Malema Fails to Stir Soldiers
JOHANNESBURG: Expelled ANC Youth League president Julius Malema's "revolution" showed signs of slowing yesterday after the defence minister had put her foot down.
Only about 100 people turned up when he addressed suspended SA National Defence Force (SANDF) members in Lenasia yesterday, a far cry from the crowds of miners he has attracted in what he calls a bid to make the industry ungovernable, in the name of economic freedom.
Political analyst Ebrahim Fakir said the SANDF was a structure driven by rules, discipline and control. The soldiers knew where the power lay and knew Malema did not have "the means to deal with their concerns", he said, adding: "Defence force members realised that they can't risk their jobs by going to listen to some guy." Malema's plan to address soldiers was described as "potentially dangerous" and military bases were reportedly put on high alert.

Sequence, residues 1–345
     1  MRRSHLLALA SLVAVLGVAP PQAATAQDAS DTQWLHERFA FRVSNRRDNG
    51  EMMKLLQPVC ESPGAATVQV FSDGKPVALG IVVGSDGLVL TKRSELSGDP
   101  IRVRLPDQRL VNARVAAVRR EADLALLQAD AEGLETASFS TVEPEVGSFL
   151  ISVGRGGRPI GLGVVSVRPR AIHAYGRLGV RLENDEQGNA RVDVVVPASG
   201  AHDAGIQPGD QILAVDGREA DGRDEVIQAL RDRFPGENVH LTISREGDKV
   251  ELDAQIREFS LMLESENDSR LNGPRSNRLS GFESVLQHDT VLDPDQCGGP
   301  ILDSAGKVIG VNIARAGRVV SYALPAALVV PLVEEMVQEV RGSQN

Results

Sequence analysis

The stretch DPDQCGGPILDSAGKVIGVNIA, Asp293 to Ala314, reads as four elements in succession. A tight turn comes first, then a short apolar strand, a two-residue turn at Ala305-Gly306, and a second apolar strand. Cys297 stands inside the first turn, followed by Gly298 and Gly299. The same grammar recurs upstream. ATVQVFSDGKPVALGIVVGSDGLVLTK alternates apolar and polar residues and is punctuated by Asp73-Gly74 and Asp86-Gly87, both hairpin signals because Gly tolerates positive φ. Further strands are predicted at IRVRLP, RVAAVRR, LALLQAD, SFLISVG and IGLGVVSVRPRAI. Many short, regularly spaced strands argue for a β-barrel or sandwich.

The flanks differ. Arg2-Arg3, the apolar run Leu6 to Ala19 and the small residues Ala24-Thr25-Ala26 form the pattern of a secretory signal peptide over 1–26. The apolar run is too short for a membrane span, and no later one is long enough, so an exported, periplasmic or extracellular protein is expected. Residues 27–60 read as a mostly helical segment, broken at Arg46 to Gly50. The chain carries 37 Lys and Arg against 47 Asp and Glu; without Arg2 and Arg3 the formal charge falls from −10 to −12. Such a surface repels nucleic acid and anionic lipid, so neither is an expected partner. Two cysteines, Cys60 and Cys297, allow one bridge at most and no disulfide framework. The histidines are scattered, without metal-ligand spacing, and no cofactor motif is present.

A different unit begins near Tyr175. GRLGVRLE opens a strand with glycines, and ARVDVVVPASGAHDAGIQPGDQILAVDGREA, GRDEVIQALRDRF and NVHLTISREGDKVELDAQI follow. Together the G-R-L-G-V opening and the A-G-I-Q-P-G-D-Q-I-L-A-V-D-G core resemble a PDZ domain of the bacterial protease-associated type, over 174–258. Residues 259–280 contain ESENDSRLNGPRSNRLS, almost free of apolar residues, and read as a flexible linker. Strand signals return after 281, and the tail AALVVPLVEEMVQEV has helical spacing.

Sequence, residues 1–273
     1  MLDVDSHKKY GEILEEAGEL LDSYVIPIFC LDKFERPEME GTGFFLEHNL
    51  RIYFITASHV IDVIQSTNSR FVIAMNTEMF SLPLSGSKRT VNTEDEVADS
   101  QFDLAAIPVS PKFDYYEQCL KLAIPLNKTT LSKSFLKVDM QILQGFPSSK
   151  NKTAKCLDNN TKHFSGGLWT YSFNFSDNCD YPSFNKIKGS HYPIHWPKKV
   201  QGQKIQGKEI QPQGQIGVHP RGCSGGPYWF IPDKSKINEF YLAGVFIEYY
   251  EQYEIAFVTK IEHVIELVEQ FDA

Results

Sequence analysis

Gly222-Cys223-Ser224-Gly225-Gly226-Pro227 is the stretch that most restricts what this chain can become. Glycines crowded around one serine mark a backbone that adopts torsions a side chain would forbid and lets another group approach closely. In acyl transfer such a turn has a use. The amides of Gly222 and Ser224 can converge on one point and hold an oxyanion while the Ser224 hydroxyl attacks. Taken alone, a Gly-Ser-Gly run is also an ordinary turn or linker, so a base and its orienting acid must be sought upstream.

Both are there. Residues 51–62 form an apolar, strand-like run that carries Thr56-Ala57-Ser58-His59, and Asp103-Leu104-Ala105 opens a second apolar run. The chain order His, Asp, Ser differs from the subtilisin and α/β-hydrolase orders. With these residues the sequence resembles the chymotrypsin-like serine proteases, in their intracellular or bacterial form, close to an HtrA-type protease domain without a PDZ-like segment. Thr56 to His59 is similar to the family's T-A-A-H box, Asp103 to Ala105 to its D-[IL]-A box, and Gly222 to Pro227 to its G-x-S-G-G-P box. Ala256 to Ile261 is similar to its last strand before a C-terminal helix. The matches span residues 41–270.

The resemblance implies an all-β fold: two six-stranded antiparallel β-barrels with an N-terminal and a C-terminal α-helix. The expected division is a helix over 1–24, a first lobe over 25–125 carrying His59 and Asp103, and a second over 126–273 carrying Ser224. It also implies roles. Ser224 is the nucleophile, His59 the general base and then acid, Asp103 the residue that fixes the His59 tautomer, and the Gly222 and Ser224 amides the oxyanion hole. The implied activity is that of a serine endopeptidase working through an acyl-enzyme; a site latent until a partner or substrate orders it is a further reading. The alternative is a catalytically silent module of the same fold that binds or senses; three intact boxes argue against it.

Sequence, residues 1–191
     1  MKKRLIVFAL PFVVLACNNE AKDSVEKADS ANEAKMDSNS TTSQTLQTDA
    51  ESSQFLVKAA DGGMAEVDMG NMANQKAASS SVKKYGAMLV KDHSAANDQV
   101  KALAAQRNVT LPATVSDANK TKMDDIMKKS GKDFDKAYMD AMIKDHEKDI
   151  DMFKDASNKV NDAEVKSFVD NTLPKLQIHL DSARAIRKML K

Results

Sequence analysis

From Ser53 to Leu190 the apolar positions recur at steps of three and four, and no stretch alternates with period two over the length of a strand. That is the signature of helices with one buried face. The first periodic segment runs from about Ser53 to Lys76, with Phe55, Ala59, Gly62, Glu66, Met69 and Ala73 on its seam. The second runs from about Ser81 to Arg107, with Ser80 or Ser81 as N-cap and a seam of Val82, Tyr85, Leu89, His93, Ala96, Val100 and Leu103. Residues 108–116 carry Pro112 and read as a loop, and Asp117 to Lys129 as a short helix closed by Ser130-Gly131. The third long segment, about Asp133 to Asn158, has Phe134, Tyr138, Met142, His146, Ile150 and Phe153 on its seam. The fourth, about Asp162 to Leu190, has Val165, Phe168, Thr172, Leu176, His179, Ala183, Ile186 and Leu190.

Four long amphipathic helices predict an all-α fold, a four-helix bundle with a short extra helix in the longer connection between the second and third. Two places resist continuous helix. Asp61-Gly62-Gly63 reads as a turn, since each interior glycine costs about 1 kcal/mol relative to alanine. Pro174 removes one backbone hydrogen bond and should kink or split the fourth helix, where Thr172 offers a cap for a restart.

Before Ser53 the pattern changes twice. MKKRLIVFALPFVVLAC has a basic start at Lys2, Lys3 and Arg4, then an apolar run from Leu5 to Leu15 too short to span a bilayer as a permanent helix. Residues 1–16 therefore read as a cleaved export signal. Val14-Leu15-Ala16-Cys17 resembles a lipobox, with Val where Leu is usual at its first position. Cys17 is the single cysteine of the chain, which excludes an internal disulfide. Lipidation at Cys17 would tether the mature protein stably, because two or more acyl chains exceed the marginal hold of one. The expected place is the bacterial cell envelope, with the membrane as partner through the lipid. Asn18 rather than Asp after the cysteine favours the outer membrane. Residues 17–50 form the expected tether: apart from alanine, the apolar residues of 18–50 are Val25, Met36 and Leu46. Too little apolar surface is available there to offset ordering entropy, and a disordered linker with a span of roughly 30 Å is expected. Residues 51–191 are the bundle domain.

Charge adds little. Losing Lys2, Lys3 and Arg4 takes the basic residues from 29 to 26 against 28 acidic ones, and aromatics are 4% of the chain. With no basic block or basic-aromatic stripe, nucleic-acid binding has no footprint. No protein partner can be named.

In an interview on SABC radio, Defence Minister Nosiviwe Mapisa-Nqakula accused Malema of trying to turn soldiers against the state.
Malema lashed out at Mapisa-Nqakula during his address to the soldiers.
"I am very disappointed by the statement of the minister which was putting all the camps on high alert. And that we constitute a security threat. Since when do people who meet to discuss grievances [pose] a security threat in SA? This is what led to the killing of Marikana - unnecessary panic by our government," he shouted.
He said a capable, confident leadership would "never panic because it enjoys the support of the people".
Malema said such a leadership would have nothing to hide and would be the people's servants.
"And maybe they are meeting to discuss, you know, 'how do we make the employer more happy?'. Why would you be threatened that when people meet, they are planning a coup d'[c]tat? …